Quesada pasiega is a Spanish dessert that is common in Cantabria, Spain. In essence, it is a Spanish cheesecake.
It has the texture of a thick pudding and can be served warm or cold. It is made from flour, cheese, milk, eggs, sugar, and butter and is lightly flavored with lemon zest and cinnamon.
Traditionally, cuajada cheese is used to make this Spanish dessert. Yet, that may be harder to get in certain places. Ricotta is an excellent substitute that works just as well.
Once it’s baked you can top it with fresh fruit or jam or enjoy it as is. This creamy and delicious dessert is a must-try.
7. Crema Catalana
Crema Catalana (or Catalan Cream in English) is a Spanish version of creme brulee. It is commonly served on March 19 for St. Joseph’s Feast Day.
But you can enjoy this delicious custardy dessert at restaurants or at home any day of the year.
If you are a fan of creme custard, you will love crema Catalana. To make, you whip egg yolks with sugar and then bake them in ramekin cups.
Next, use a kitchen torch to lightly burn the top layer to make a carmelized hard shell. Dip your spoon in and enjoy the smooth, delicate flavor of Crema Catalana.
In Spain, this Spanish dessert is so popular, there is even Crema Catalana flavored ice cream!
Buñuelos are small fluffy fritters that make a great snack. They are a very popular dessert in Spain.
A buñuelo is a fried dough ball. They are filled with pastry cream, jam, or egg custard. Buñuelos are dusted with icing sugar for a delectable mini treat.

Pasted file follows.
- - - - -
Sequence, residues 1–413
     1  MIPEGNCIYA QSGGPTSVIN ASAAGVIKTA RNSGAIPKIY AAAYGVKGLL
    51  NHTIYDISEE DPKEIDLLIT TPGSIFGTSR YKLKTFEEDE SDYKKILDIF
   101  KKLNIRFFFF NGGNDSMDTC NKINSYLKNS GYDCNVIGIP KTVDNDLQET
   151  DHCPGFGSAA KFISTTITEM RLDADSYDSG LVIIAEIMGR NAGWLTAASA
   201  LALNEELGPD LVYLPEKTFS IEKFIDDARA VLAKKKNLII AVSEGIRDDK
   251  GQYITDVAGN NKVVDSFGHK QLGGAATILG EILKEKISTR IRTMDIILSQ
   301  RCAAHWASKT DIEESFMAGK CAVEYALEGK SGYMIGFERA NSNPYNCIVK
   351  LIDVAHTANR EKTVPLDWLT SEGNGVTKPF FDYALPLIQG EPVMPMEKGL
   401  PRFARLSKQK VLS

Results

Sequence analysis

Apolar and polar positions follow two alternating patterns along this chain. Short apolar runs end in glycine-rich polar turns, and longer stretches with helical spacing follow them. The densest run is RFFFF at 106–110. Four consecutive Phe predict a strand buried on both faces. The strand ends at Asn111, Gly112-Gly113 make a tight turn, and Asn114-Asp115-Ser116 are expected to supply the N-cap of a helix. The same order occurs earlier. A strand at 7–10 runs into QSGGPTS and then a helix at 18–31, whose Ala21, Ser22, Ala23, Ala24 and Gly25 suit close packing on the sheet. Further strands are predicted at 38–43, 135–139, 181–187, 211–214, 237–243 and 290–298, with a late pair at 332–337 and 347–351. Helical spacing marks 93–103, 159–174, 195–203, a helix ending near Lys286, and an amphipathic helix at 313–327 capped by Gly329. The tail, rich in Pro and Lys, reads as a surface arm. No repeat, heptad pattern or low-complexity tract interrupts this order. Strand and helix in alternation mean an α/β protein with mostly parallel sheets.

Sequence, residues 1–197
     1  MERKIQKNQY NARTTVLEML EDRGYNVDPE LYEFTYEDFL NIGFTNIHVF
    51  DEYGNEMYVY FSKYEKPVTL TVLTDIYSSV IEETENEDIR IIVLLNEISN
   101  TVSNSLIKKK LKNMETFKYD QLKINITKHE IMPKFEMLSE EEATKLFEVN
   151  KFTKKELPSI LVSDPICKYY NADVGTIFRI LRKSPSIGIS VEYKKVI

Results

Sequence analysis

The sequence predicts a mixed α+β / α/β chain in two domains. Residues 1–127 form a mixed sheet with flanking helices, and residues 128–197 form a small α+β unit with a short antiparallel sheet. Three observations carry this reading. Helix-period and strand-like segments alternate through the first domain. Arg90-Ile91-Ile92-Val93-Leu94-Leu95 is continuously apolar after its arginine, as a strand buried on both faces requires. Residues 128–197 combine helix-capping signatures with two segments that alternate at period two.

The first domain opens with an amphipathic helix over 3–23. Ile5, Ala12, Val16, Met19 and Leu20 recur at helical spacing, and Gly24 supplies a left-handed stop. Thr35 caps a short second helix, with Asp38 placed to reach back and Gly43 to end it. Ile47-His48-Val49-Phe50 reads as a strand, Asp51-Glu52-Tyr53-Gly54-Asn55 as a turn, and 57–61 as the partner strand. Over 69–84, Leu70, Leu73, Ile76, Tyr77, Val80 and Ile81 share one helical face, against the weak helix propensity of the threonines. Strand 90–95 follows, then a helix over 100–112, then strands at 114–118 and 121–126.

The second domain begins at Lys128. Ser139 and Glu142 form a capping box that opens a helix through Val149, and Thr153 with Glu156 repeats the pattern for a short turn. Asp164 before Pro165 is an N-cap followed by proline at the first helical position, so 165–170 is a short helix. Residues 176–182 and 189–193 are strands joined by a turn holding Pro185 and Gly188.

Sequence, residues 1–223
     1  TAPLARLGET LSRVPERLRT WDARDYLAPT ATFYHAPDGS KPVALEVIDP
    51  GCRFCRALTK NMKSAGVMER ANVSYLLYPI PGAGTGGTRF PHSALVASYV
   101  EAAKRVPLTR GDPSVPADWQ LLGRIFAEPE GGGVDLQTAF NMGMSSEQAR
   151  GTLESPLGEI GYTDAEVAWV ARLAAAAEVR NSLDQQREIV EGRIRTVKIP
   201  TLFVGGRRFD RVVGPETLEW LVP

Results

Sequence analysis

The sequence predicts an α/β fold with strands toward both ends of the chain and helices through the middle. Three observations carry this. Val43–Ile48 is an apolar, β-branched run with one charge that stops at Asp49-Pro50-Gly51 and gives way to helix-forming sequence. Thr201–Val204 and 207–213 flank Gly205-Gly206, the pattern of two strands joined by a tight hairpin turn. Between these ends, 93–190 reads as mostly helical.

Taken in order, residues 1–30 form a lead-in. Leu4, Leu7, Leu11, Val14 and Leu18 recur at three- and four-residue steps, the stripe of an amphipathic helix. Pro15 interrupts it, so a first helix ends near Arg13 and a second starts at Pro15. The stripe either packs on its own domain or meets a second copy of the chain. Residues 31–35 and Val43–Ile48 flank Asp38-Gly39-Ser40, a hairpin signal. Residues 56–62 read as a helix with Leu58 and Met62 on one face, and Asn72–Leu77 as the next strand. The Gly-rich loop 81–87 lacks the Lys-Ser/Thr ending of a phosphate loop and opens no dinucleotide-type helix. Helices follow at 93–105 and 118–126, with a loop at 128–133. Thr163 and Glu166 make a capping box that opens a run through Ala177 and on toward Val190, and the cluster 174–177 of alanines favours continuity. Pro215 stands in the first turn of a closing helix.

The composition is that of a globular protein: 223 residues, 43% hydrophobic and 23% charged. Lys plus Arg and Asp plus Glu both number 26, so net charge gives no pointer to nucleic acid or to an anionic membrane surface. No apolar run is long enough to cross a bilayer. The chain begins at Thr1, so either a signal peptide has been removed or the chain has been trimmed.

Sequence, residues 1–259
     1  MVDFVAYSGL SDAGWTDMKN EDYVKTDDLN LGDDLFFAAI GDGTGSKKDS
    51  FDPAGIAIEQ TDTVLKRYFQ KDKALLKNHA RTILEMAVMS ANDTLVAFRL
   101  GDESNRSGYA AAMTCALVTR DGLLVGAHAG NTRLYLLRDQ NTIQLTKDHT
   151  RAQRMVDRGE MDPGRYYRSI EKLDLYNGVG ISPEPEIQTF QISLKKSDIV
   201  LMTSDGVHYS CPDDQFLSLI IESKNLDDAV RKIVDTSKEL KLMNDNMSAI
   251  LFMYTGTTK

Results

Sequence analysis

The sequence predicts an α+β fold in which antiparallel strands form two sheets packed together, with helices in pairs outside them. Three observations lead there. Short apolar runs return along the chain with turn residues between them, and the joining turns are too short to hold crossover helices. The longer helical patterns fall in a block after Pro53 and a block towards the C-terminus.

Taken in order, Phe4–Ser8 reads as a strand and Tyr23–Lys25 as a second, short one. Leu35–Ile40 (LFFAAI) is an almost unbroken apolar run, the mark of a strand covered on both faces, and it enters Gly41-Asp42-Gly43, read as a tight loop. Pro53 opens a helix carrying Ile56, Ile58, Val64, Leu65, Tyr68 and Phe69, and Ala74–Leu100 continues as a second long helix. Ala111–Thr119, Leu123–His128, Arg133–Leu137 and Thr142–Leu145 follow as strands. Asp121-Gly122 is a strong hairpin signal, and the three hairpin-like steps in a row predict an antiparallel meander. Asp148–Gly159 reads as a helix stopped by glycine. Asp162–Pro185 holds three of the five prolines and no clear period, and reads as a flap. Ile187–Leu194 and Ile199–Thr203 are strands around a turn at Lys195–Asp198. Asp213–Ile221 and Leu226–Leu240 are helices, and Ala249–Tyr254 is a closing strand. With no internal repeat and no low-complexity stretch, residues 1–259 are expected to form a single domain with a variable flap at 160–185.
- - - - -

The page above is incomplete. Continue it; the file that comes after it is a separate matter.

They are often eaten for breakfast with coffee as well as after dinner.
Polvorones are another traditional Spanish Christmas cookie. The word “polvo” means “powder” in Spanish as these cookies will crumble to a powder-like consistency once you touch or eat them. Polvorones are crumbly in tecture and typically flavored with almonds. An absolute must in every Spanish household during Christmas.
Spanish Natilla is a perfect way to end your meal. I say Spanish because other countries have their own version of natilla. Spain’s natilla is a custard dish made with milk and eggs. Some versions do not use eggs in the recipe. Natilla will typically be dusted on top with cinnamon and don’t forget your Maria cookies.
The Spanish sure do enjoy their Christmas sweets. Pestiños are traditional Christmas pastries most popular in Andalusia and other Southern regions of Spain.
Pestiños are fried and made from flour, aniseed, spanish olive oil, wine and a little sugar. A great addition to your Christmas dessert menu and for that reason it made our list of Top 5 Spanish Sweets for Christmas.
12. Tarta de Santiago
Tarta de Santiago or Torta de Santiago is a traditional Spanish almond cake, occasionaly made with an addition of lemon zest and cinnamon.
Tarta de Santiago means St. James cake in English. So naturally, the cake is powdered with sugar but leaving an imprint of the St James cross on top. It is especially popular in the Galician region of Spain.
Miguelitos de la Roda or simply Miguelitos are traditional small Spanish cakes consisting of soft puff pastry with a creamy custard-like filling and covered with powdery sugar. A perfect Spanish dessert to accompany your cafe con leche.
Final Thoughts on Spanish Desserts
Spanish desserts vary by region. This list of 13 popular desserts in Spain gives you a good idea of the types of sweet-tooth satisfaction you can enjoy from Spanish desserts.